Craft supplies: Austin Creative Reuse, 2005 Wheless Ln.
‘Waste not, want not’ would be a good tagline for Austin Creative Reuse, where you can find partially used art supplies that would have been thrown away otherwise. Looking to make your own clothes? ACR has shelves upon shelves of fabric and yarn for mostly less than a dollar per yard. Accessories? There are beads and thread aplenty. Scrap paper, paint, mosaics, magnets, zippers, glitter, findings in bulk and workshops to teach you how to be your craftiest self.
Furniture: Salvation Army, multiple locations
If you’re a fan of TikTok, you’ve probably wanted to try your hand at upcycling—repurposing objects in a way that makes it just as or more valuable than the original—at least once or twice and Salvation Army is the place to start. This store has everything: clothing, shoes, accessories, electronics, art and pieces of furniture that are begging to be made pretty again through a little TLC.
Vintage and variety fashion: Pavement, multiple locations
Racks on racks of modern and vintage mixed clothing await at Pavement, which is known for its legendary fill-a-bag sales. Meanwhile, its shoe and accessory walls are almost as spacious as its selection of clothing while maintaining a balance between current fashion and styles of yore. Clothing at Pavement isn’t the most affordable, but it will still bring you in lower than most prices at vintage and new clothing stores.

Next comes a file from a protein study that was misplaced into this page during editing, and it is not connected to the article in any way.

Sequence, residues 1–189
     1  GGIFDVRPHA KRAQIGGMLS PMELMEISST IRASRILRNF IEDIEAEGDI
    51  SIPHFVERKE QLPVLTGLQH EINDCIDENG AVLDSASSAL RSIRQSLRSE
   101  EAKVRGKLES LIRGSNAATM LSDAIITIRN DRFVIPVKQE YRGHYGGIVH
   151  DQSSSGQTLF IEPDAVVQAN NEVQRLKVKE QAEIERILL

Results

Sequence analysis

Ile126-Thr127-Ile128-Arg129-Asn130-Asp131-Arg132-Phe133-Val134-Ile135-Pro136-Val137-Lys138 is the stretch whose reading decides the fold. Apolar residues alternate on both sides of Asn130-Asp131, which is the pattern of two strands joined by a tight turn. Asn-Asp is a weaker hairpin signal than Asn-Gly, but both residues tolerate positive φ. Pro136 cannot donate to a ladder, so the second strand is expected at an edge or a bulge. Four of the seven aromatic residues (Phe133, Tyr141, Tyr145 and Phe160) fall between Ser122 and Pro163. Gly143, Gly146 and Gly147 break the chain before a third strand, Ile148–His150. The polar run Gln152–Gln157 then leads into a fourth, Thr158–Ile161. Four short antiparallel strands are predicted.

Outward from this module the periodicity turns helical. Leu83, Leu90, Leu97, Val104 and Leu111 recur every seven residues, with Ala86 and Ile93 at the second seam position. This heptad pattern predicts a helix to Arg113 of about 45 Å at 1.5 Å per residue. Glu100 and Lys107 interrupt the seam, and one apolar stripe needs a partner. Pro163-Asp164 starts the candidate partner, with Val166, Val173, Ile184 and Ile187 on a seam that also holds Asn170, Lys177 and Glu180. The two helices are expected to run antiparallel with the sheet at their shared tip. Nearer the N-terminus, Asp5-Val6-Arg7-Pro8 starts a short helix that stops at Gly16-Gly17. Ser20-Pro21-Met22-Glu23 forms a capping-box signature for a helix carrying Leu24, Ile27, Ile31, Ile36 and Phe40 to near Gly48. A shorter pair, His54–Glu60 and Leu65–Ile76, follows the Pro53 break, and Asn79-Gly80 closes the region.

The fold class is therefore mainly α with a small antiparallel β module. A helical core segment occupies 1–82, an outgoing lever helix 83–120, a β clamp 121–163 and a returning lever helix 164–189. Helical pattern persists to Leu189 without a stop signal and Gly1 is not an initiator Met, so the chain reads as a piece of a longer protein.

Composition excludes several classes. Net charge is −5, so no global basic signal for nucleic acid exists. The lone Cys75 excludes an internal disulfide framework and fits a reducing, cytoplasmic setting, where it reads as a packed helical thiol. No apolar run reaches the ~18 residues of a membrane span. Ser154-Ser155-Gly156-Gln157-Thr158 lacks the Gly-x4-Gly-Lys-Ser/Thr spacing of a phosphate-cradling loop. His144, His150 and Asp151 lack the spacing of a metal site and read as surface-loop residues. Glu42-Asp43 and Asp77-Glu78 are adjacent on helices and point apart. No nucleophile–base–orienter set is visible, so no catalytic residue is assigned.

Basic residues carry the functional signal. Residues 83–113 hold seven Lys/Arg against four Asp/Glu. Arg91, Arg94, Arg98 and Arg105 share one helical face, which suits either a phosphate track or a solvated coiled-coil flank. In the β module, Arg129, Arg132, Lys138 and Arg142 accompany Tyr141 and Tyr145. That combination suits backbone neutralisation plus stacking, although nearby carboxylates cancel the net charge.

An Austin company is bringing food from the restaurant kitchen to the doggy bowl.
The Conscious Pet jumped into the pet food industry with meals made from upcycled restaurant scraps. With a launch party coming up next month at microbrewery Central Machine Works, Chief Dogxecutive Officer Mason Arnold talked to Austonia about how the company came about.
Arnold said he and Jessica Kezar, the vice pawsident of sales and marketing, were working on their podcast, A Mostly Green Life. A guest who’s heavily involved in composting showed them some projects he was working on, one of which looked like dog food.
“He's like, ‘Yeah, I've been feeding it to my dog and she loves it,” Arnold said. “And we had just gotten a dog recently when that happened and had been researching nutrition and realized that dog food is making a pretty big transition away from kibble and highly processed foods.”
But Arnold didn’t have much luck tracking down food that fit the perfect mix of nutrition and form factor for his Boykin Spaniel.
So they started making their own nutritious form of dog food that's gently cooked and as easy to serve as kibble. Arnold says that by upcycling restaurant kitchen scraps, it’s helping to solve a food waste problem, too.